Dill pickle-, cinnamon toast-flavored sunflower seeds will be the talk of the dugout this season

Baseball season is officially here, and that means sales of sunflower seeds will skyrocket. I grew up eating sunflower seeds in the dugout, but I hadn’t seen seeds quite like the ones from Chinook Seedery, an Austin-based company that launched in 2015 and is now selling the biggest seeds I’ve ever seen in stores around the country.

Chinook Seedery sells six flavors of sunflower seeds, including varieties such as dill pickle and cinnamon toast. Contributed by Chinook Seedery

Founder Mark Pettyjohn started the company in Colorado but shortly thereafter moved to Austin to be closer to Chinook’s co-packing facility in Tyler. He started with four flavors — dill pickle, Hatch green chile, Parmesan and pepper and original — and has since added smokehouse barbecue and cinnamon toast. The seeds are sold at Whole Foods, Sprouts and, as of last week, more than 100 H-E-Bs in Central and South Texas.

The non-GMO sunflower seeds used in Chinook’s products come from the Dakotas. Contributed by Chinook Seedery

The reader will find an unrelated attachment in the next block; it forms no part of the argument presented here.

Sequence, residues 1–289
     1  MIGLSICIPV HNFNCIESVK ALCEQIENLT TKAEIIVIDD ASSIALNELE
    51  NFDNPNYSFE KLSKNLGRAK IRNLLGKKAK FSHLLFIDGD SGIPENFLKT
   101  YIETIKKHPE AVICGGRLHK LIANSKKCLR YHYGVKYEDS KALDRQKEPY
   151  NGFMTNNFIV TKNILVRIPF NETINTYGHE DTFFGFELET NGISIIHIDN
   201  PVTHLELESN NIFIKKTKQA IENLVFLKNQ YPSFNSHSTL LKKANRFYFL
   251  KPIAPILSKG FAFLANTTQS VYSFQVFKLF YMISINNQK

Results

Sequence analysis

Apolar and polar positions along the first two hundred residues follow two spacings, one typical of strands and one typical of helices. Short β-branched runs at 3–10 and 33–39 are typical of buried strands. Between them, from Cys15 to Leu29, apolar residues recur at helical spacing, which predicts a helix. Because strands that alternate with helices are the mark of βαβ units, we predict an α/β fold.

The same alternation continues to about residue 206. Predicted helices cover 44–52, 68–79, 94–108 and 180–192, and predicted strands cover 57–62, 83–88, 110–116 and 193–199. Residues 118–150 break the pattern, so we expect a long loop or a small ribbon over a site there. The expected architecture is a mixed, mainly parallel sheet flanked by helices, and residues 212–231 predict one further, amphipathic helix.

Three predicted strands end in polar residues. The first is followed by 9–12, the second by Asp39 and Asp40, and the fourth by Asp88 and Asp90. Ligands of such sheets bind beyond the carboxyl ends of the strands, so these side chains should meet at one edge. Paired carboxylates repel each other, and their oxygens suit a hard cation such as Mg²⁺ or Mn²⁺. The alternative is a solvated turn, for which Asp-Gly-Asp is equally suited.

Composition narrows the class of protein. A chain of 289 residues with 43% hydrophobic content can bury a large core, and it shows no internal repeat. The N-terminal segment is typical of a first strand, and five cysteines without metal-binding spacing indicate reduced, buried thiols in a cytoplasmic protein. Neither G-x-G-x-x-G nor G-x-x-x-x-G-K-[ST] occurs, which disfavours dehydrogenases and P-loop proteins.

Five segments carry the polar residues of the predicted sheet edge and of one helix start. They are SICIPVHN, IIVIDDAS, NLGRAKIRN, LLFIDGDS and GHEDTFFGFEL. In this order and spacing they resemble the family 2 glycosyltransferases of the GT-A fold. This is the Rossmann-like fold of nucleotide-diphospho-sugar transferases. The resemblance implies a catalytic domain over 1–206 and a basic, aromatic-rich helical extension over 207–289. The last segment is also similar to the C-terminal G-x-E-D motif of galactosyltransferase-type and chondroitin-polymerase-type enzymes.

I tried these crazy flavors during my livestream on Facebook, but it was the size of the seeds that first caught my eye. Pettyjohn says they weren’t always quite so big. About 10 months ago, they started using a non-GMO Israeli sunflower seed grown in the Dakotas, which is part of America’s so-called sunflower belt. The cooler climate allows the seeds to grow to their full size of nearly an inch long. They are easier to crack, Pettyjohn says, but he knows not all customers want to crack them before eating, so keep an eye out for shelled products in the coming year or two.

Pettyjohn says that although we associate sunflower seeds with baseball, some of Chinook’s biggest fans are backpackers, campers, road trippers and even office workers who want something to snack on. The seeds come in a 4.7-ounce bag that retails for about $2.50 and a smaller 1.5-ounce bag for about 99 cents.

 

 


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